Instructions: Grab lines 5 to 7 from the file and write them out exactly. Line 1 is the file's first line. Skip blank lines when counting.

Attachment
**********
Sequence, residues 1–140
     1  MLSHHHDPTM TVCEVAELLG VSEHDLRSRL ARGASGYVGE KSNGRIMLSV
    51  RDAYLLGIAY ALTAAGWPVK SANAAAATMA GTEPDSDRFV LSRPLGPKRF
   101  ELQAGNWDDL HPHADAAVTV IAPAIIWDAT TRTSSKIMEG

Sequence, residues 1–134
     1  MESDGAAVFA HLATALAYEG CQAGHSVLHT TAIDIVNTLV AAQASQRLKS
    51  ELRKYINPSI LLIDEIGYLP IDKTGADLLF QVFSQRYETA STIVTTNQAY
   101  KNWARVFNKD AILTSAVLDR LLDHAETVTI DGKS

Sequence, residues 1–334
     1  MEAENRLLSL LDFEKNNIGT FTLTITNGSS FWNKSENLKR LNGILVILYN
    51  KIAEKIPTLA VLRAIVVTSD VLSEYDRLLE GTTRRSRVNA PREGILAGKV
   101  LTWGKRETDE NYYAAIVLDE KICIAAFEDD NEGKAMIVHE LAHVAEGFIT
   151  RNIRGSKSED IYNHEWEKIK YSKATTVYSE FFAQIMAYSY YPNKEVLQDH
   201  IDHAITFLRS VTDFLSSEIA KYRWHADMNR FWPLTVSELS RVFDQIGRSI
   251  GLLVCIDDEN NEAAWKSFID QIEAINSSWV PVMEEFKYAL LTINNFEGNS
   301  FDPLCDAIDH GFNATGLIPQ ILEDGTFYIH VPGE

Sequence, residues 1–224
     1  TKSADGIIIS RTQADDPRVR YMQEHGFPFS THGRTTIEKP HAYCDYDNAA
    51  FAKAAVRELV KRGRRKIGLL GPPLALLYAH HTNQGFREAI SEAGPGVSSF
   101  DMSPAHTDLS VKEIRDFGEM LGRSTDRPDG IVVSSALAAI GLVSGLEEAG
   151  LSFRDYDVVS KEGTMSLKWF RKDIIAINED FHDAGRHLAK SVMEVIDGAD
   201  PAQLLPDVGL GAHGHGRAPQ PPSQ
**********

Sequence, residues 1–134
     1  MESDGAAVFA HLATALAYEG CQAGHSVLHT TAIDIVNTLV AAQASQRLKS
    51  ELRKYINPSI LLIDEIGYLP IDKTGADLLF QVFSQRYETA STIVTTNQAY